While attending the Sundance Film Festival in 1994, director Brian Sloan ran into a classmate from his days at NYU's graduate film school, Lane Janger. Brian was screening his thesis film "Pool Days" and Lane was screening one of his student shorts, in fact, the first short Brian had crewed on at film school. It was a fortuitous meeting as Brian handed Lane the screenplay for his first feature, a screwball comedy about a gay couple at a straight couple's wedding. Lane, having just produced Darnell Martin's feature debut, I Like It Like That, was looking for his next project, and this seemed to fit the bill.

Two years later, after rejections from major studios and private investors, financing was found in one of the most unlikely places... an art gallery. New York gallery owner Rob Miller, who'd helped finance Brian's short "Pool Days," signed on as an executive producer, along with theatrical producer Daryl Roth (How I Learned To Drive, Three Tall Women). With the involvement of Marcus Hu and Jon Gerrans at Strand Releasing as executive producers guaranteeing the film's distribution, the project was ready to go.

Casting for the film began in May of 1996 at Sauce Entertainment, a commercial/video production company which Lane had helped found. Casting director Stephanie Corsalini (previously Meg Simon's associate on HBO's World Trade Center thriller Path To Paradise and The Preacher's Wife) started looking for an ensemble cast of seven friends/roommates. It was not easy, but not for the lack of talent. The challenge was pairing the actors up, not just romantically, but also in the context of their relationships to each other as housemates.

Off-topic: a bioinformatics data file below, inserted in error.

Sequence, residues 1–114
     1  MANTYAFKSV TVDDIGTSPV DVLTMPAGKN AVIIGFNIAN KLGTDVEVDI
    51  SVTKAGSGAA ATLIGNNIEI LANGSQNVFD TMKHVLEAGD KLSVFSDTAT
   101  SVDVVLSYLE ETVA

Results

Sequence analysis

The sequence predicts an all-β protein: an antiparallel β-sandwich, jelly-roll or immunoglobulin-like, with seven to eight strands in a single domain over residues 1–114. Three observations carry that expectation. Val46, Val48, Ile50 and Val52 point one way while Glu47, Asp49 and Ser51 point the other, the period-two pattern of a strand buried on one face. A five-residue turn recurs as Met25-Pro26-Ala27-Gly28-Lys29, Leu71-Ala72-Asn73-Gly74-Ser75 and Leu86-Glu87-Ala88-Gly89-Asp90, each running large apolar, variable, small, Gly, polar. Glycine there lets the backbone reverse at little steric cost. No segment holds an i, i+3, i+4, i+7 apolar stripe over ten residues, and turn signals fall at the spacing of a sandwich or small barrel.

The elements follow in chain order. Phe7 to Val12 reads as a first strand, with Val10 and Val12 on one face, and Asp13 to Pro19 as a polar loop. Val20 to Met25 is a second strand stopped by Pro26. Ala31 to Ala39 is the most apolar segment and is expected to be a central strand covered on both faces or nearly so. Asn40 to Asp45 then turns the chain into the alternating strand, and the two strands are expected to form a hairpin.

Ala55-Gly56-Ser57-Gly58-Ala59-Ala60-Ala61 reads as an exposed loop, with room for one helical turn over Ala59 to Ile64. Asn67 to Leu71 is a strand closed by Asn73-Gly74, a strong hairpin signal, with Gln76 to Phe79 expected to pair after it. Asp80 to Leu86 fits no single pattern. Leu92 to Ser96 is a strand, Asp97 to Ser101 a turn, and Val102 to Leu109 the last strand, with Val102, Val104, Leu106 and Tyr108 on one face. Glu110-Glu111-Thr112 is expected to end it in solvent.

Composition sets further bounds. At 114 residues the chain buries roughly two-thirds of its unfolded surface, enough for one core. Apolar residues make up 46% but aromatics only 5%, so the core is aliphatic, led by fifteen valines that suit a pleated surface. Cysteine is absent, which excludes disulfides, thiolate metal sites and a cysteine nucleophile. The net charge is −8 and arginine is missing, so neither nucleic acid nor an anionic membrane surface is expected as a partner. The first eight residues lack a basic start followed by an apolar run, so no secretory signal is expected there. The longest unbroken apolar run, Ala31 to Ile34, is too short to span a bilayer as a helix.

"I didn't want the cast to look like the show Friends," says Sloan. "I had conceived of this group as a sort of human version of the Island of Misfit Toys from Rudolph The Red Nosed Reindeer. Each of them represented a certain stereotype of a college social group-like the stoner, the party girl, the frat boy - but they were all misfits in their own cliques, which is to say they were real characters living contradictory lives; the party girl is secretly conservative, the stoner surprisingly smart, the frat boy is gay. That's where the drama and, of course, the comedy of the film would come from."

Three months later, with production a few weeks away, the "frat boy" was the one part that proved hardest to cast. For a whole week, Stephanie auditioned actors exclusively for this crucial role. On the last day of the "Brendan Marathon," Christian Maelen came into the production office, but not for the audition. He was there as a messenger making a delivery to Sauce. A friend of his working at Sauce suggested he go downstairs for an audition. And Christian, literally the last person to audition, got the part.

Initially, the plan was to shoot the film in and around Washington, DC, where the director grew up and where he had shot his last film, "Pool Days." But, given the film's tight budget, housing the cast and crew for almost a month would have been prohibitive. So the greatest challenge of the production became shooting a film that was supposed to take place in Washington DC in the TriState area. Location scouts looked mainly in the burbs and found towns and streets in Long Island, New Jersey, and even Brooklyn that passed DC muster.

There were even a couple of locations in highly urban and distinct Manhattan, such as the Westside Highway (passing for the Arlington Memorial Bridge) and an East Village club, The Bank (passing for DC's infamous Tracks). The company also ended up sharing the same location (Manhattan's Surrogate Court Building) as the Mel Gibson/Julia Roberts' thriller Conspiracy Theory, even getting a glimpse of Mel while scouting. (He's really quite short).